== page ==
These attractions sought to provide a taste of Japanese culture and hospitality, showcasing elements like tea ceremonies and beautiful ponds with rare carp and black swans. However, the Japanese Village closed its doors in 1975, likely due to the highly competitive nature of the Southern California tourist market.

The Emergence of the Emerald of Anaheim

With the surge in Japanese tourism, an opportunity arose—the construction of the Emerald of Anaheim, later known as the Disneyland Pacific Hotel. In May 1984, this 15-story hotel opened its doors.

What made the Emerald unique was its ownership. It was built not by The Walt Disney Company or the Oriental Land Company (which operated Tokyo Disneyland) but by the Tokyu Group. This group of Japanese businessmen already had a pair of hotels in Hawaii and saw potential in Anaheim’s proximity to Disneyland. Thus, they decided to embark on this new venture, specifically designed to cater to Japanese tourists looking to experience Southern California.

Financial Challenges and a Changing Landscape

The late 1980s brought about two significant financial crises in Japan—the crash of the NIKKEI stock market and the collapse of the Japanese real estate market. These crises had far-reaching effects, causing Japanese tourists to postpone or cancel their trips to the United States. As a result, reservations at the Emerald of Anaheim dwindled.

To adapt to these challenging times, the Tokyu Group merged the Emerald brand with its Pacific hotel chain, attempting to weather the storm. However, the financial turmoil took its toll on the Emerald, and changes were imminent.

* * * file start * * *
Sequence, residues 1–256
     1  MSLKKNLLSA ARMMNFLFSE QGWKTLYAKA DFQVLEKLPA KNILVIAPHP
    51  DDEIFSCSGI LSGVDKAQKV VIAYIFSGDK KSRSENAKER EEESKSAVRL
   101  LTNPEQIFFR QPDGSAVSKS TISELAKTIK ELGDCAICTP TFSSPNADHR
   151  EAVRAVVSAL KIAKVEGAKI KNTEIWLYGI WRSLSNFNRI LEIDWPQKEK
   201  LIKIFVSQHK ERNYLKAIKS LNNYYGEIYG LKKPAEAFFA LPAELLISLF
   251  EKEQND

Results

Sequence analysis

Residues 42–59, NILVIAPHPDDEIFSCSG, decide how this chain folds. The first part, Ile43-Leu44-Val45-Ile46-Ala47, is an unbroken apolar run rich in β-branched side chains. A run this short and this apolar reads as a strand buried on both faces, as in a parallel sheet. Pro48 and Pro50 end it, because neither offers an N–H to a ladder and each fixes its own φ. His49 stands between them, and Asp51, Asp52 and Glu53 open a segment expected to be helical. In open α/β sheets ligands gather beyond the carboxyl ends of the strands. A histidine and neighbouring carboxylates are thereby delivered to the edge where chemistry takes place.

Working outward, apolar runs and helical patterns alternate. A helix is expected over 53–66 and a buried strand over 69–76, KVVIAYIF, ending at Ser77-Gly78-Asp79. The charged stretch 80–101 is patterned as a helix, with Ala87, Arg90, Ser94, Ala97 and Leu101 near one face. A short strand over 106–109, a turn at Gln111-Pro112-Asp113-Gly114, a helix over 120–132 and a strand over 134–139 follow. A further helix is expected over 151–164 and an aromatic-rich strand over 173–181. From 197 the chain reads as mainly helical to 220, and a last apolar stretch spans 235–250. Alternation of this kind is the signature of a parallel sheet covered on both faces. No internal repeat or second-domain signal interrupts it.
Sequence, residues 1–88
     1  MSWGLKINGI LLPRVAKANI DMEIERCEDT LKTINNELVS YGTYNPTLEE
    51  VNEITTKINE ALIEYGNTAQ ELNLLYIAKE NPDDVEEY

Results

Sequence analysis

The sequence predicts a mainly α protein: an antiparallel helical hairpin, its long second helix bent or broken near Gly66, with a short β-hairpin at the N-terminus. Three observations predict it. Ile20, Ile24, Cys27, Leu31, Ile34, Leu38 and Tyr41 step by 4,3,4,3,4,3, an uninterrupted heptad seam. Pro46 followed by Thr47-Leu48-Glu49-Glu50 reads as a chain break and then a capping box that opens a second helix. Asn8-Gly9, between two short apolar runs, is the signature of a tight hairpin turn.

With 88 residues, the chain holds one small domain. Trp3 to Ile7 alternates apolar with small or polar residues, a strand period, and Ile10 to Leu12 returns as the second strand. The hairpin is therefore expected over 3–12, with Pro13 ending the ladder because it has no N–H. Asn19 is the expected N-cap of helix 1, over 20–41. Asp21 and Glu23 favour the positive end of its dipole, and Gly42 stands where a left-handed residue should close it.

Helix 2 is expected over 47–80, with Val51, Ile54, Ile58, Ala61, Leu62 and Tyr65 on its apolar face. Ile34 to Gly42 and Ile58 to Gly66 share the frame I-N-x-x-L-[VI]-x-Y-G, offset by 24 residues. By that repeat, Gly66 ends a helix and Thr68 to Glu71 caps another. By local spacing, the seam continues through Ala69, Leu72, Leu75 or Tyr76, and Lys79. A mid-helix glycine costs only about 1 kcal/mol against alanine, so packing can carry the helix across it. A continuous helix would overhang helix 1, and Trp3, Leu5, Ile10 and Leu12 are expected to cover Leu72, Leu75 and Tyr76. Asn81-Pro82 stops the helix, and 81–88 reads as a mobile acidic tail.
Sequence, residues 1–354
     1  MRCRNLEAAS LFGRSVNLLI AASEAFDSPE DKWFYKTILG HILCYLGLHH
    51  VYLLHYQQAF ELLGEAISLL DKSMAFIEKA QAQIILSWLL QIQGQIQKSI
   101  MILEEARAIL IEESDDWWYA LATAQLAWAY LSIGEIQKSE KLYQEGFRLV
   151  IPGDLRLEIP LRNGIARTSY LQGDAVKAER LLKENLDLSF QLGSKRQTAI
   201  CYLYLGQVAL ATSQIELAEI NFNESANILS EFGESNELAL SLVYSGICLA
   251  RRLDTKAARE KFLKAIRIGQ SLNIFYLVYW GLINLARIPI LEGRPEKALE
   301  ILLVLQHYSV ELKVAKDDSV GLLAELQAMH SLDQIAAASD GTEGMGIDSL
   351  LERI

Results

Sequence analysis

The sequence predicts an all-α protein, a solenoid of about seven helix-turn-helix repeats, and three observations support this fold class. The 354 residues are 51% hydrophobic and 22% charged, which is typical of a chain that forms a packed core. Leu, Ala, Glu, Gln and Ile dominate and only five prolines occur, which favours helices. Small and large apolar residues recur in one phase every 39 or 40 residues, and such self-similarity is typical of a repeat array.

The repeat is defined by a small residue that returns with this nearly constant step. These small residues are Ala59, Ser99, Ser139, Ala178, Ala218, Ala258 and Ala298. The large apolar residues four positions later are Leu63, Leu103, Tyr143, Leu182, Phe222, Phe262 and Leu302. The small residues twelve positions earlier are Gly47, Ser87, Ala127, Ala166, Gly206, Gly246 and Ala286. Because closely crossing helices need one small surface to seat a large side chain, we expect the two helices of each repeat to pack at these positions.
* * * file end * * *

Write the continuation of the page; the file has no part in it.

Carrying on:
The Transition to the Disneyland Pacific Hotel

In 1995, The Walt Disney Company took a significant step by purchasing the hotel formerly known as the Emerald of Anaheim for $35 million. This acquisition marked a change in the hotel’s fortunes. With Disney now in control, the hotel underwent a name change, becoming the Disneyland Pacific Hotel.

Transformation to Paradise Pier

The next phase of transformation occurred when Disney decided to rebrand the hotel as Paradise Pier Hotel. This decision aligned with Disney’s broader vision for the Disneyland Resort.

While the structural changes were limited, the hotel underwent a significant cosmetic makeover. Its exterior was painted to complement the color scheme of Paradise Pier, and wave-shaped crenellations adorned the rooftop, creating an illusion of seaside charm. This transformation was Disney’s attempt to seamlessly integrate the hotel into the Paradise Pier theme of Disney’s California Adventure Park.